No doubt about it, we've been fortunate to experience generally rising markets for more than a decade now. So it's all the more startling when major turbulence occurs. While there's no way of knowing a downturn's duration, the three guidelines below can help you avoid costly mistakes when the markets seem to turn against you.
1. Have a plan
Whether you're saving for your retirement or a loved one's education, having a plan helps you build in portfolio protection. Without a plan, you're more vulnerable to your emotions, especially during a market drop. You may give in to temptations like chasing performance, timing the market, or impulsively reacting to market "noise"—all in an effort to protect your portfolio by resorting to a quick fix.
Creating an investment plan is easier than you may think. You'll get a good start by answering a few key questions about your risk tolerance, goals, and limitations.
Looking for help with your college savings, but feel you don't have the time, inclination, or know-how to map and manage a plan? If you choose a 529 plan and select an age-based option, your savings will get exposure to all the markets and the investment management will be taken care of for you.
2. Don't fixate on "losses"
OK, so let's say you have a plan, and your portfolio is balanced and diversified across asset classes but its value still dropped significantly in a market decline. There's no cause for panic. Stock downturns are normal, and most investors will endure several of them.
Case in point: Between 1980 and 2019 there were eight bear markets in stocks (declines of 20% or more, lasting at least two months) and 13 corrections (declines of at least 10%).* Unless you sell in a situation like this, the number of shares you own won't fall during a downturn. In fact, the number will grow if you reinvest your funds' income and capital gains distributions. And any market recovery should revive your portfolio too.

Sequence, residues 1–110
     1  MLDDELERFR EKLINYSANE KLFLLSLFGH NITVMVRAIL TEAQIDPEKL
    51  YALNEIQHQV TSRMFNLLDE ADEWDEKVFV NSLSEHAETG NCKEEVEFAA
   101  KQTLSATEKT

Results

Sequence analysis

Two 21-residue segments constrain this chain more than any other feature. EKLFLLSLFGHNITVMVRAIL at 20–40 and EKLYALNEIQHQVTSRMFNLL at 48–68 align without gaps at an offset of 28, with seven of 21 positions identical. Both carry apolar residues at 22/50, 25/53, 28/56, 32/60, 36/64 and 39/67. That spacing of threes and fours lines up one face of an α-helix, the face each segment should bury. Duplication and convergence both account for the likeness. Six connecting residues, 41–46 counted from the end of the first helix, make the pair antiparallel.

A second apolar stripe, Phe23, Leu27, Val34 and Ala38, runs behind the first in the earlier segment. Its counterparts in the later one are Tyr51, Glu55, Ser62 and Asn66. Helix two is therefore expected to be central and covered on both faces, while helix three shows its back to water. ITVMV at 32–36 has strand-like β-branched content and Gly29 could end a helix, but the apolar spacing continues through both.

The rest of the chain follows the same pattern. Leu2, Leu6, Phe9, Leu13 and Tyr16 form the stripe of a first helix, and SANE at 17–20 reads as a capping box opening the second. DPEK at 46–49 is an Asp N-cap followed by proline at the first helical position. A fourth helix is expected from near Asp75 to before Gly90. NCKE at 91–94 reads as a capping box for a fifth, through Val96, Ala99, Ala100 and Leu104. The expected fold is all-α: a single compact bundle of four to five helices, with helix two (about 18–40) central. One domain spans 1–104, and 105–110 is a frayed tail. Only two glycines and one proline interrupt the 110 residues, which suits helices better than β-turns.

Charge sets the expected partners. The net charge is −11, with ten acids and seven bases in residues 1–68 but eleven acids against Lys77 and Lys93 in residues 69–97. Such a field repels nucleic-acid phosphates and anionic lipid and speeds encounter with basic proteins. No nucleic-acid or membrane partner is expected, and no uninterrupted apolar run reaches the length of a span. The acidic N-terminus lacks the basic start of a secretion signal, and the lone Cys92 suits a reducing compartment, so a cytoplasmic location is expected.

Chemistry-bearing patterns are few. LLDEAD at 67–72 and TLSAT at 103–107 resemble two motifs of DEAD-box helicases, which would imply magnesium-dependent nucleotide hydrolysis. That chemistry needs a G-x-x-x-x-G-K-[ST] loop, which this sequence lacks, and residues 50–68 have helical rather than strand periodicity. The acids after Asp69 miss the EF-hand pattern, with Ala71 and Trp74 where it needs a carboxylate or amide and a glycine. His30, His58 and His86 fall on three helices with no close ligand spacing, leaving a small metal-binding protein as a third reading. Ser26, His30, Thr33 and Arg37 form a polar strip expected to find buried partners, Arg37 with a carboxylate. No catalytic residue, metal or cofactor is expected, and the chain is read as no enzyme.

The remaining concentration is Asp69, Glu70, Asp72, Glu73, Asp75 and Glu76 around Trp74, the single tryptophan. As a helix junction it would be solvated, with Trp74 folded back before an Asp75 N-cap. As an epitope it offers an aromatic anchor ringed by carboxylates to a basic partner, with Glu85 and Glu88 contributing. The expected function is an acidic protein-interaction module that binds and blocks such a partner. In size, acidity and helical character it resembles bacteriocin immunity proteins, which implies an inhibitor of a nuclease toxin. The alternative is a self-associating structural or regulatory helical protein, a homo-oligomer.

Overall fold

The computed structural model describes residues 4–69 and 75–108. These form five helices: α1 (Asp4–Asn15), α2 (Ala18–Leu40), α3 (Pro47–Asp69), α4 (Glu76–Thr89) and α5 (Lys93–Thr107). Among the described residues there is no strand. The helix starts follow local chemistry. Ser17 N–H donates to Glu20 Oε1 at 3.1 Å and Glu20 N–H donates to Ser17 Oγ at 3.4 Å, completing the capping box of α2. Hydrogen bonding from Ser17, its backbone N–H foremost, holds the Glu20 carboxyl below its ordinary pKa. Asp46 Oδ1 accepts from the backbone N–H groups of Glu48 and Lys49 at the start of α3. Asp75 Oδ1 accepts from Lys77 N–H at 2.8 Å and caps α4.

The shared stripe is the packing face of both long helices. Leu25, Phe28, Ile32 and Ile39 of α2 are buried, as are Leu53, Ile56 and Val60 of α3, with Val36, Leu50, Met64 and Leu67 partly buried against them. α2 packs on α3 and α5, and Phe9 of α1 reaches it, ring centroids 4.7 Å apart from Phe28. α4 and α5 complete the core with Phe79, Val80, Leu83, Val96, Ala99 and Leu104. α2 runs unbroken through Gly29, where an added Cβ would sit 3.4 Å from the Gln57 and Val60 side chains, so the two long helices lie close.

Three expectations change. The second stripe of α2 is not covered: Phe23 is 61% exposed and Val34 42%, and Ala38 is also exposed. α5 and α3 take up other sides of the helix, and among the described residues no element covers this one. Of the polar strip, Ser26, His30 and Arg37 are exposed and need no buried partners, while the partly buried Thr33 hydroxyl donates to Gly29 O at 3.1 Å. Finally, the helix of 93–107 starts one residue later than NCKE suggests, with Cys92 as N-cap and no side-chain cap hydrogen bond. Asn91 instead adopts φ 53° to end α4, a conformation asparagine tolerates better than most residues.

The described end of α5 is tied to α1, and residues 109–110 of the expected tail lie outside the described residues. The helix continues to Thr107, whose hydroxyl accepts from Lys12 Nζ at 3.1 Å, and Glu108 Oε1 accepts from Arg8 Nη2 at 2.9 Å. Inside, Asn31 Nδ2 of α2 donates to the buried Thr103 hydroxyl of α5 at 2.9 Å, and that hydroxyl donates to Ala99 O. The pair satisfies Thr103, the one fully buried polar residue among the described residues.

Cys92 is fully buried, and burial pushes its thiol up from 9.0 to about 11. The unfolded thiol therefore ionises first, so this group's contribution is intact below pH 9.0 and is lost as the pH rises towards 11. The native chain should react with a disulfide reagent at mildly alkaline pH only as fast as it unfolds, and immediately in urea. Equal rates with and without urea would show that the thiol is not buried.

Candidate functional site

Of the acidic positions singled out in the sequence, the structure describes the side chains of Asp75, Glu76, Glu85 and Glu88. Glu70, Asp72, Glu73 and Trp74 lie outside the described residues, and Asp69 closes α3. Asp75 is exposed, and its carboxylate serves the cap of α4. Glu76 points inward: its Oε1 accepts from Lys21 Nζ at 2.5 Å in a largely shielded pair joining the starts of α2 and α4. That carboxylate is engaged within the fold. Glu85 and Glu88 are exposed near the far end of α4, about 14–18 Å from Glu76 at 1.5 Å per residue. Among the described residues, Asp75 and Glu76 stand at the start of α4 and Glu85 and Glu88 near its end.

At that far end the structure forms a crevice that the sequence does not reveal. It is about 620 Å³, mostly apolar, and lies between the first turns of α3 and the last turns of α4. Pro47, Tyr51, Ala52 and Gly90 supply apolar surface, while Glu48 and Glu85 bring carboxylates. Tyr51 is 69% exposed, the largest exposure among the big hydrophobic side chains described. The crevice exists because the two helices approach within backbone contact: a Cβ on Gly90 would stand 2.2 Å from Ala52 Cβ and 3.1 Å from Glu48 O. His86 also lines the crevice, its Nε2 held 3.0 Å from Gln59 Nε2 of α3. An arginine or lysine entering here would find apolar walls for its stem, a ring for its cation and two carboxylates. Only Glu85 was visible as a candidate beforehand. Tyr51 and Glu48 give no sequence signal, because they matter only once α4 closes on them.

Still stressed? It may be time to reconsider the amount of risk in your portfolio. As shown in the chart below, stock-heavy portfolios have historically delivered higher returns, but capturing them has required greater tolerance for wide price swings.
If you're a college saver, you may have less cause to be anxious in a downturn. That's because if you choose one of the three 529 plan age-based investment options (Conservative, Moderate, or Aggressive), you'll get a portfolio designed specifically to help you reduce your investing risk. These options gradually shift from aggressive to conservative as your child grows older and closer to college age, so your risk is dialed back automatically—an especially calming factor as tuition bills come due.
3. Resist rash actions
In times of falling asset prices, some investors overreact by selling riskier assets and moving to government securities or cash equivalents. Or they may embrace what's familiar—perhaps moving from international to domestic markets, in a display of "home bias."
It does sometimes take a market shock to alert investors to the risk in their allocations. For example, you may let your portfolio drift in rising markets, not realizing that you're taking on more and more risk over time. But it's a mistake to sell risky assets amid market volatility in the belief that you'll know when to move your money back to those assets. That's called market timing, and the chart below shows one reason why it's a bad idea.
The futility of timing the stock market.
Its best and worst days happen close together.
Again, college savers who choose to invest in a 529 plan age-based option have an advantage because their savings automatically move through a series of portfolios that become more conservative over time. You don't have to make any changes unless you want to. A 529 plan is the only account type that offers the convenience of age-based options for college savings.
*Vanguard calculations, based on the performance of the MSCI World Index from January 1, 1980, through December 31, 1987, and the MSCI AC World Index thereafter. Both indexes are denominated in U.S. dollars. Our count of corrections excludes those that turned into bear markets. We count corrections that occur after a bear market has recovered from its trough, even if stock prices haven't yet reached their previous peak.